- A licence which purports to be an exclusive licence may not necessarily be so. Identifying an exclusive licence depends on a proper construction of the document or documents. An exclusive licence will be expressly so: circumstances in which an exclusive licence will be implied will be rare, if they exist at all;
- It is for the party asserting that it is an exclusive licensee to demonstrate that it is;
- The assessment of whether or not a licence is exclusive is not a “once and for all assessment”. An exclusive licence may confer upon the patentee a power to convert the licence into a non-exclusive licence;
- The “essential element” of an exclusive licence is that is it a licence to the exclusion of all other persons, including the patentee or applicant;
- It is possible to have a plurality of exclusive licences in respect of any one patent;
- But each exclusive licence may only be granted to one person – a licence will not be exclusive if granted to a number of entities, even if they are under the same control;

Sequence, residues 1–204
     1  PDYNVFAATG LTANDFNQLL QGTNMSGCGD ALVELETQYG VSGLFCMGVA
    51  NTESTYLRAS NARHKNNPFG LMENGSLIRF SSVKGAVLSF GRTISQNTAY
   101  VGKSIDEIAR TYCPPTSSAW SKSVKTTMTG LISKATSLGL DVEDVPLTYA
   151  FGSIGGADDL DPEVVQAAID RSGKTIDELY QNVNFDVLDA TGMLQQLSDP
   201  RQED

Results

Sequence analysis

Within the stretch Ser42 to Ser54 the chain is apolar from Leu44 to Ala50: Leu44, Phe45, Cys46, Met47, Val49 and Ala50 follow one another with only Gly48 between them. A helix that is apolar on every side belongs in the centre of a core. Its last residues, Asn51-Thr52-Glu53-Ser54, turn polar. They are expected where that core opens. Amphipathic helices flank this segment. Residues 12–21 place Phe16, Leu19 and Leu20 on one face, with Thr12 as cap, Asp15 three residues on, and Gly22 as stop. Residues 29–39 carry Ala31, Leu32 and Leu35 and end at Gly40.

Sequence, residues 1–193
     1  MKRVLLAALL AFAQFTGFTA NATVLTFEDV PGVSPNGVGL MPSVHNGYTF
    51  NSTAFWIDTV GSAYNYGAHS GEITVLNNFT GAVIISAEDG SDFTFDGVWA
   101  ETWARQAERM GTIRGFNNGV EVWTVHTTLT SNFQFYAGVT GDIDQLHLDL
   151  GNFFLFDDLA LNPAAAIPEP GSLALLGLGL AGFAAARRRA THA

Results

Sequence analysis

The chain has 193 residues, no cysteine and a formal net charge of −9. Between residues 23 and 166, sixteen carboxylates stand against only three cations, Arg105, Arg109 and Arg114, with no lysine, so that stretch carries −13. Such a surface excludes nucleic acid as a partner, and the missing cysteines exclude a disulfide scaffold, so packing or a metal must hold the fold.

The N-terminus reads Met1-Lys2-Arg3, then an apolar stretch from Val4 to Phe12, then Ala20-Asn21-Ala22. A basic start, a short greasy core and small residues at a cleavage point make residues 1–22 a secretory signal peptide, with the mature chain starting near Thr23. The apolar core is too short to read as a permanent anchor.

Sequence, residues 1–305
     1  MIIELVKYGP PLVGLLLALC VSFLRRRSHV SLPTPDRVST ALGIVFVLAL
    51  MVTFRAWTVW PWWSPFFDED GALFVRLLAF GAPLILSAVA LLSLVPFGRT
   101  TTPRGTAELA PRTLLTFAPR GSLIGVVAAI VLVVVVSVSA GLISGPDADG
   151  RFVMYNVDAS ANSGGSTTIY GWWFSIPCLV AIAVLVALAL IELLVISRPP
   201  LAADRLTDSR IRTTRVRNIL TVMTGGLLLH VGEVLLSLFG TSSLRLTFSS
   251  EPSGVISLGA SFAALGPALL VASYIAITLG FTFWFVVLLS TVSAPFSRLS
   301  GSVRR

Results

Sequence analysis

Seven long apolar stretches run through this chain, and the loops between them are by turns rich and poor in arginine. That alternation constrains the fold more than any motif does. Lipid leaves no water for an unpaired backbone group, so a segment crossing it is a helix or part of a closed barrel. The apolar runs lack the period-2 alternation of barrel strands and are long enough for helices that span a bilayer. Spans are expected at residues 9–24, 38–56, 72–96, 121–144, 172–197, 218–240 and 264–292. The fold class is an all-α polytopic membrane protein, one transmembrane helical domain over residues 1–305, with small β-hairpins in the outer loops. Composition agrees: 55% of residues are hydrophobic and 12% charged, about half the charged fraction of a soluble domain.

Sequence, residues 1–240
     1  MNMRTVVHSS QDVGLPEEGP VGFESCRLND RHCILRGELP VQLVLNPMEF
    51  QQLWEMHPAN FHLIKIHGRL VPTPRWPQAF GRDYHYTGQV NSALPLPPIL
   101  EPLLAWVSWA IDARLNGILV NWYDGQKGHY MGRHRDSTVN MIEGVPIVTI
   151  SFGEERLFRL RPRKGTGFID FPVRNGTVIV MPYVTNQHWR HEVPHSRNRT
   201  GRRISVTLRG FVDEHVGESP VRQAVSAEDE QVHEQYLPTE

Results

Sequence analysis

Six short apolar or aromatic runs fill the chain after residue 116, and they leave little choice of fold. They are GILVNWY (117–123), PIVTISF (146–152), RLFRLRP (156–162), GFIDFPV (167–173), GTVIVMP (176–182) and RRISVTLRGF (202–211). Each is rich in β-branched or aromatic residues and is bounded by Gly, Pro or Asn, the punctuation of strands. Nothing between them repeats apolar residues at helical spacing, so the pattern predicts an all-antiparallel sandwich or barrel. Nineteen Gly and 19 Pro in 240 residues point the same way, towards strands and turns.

- An exclusive licensee may grant sub-licences to “persons authorised by him”;
- There is a distinction to be drawn between a licence and an equitable right to call for a licence; and
- Where an equitable right to call for a licence is conditional the otherwise exclusive licence will remain exclusive unless and until the contractual conditions are fulfilled that enable the grant of the licence.
The case concerning proposition 10 has the most similarities to the current case, although it also involved the satisfaction of one of two conditions before requesting the option to be exercised, whereas the current case simply involved the unfettered right to request the option to be exercised. Nonetheless, even though there was no effective hurdle to the exercise of the option in the current case, the Judge held that there was insufficient basis to distinguish it from the earlier case, which itself involved a low hurdle, and so held that the exclusive licence remained exclusive until the option was exercised. The persistence of an exclusive licence in the scenario where a third party has an option to a licence does not depend upon the difficulty of the hurdle for the third party to exercise that option. Rather, until the option is exercised, the exclusive licence remains in effect, meaning that the third party would infringe if it tried to practice the patent without first effecting its option.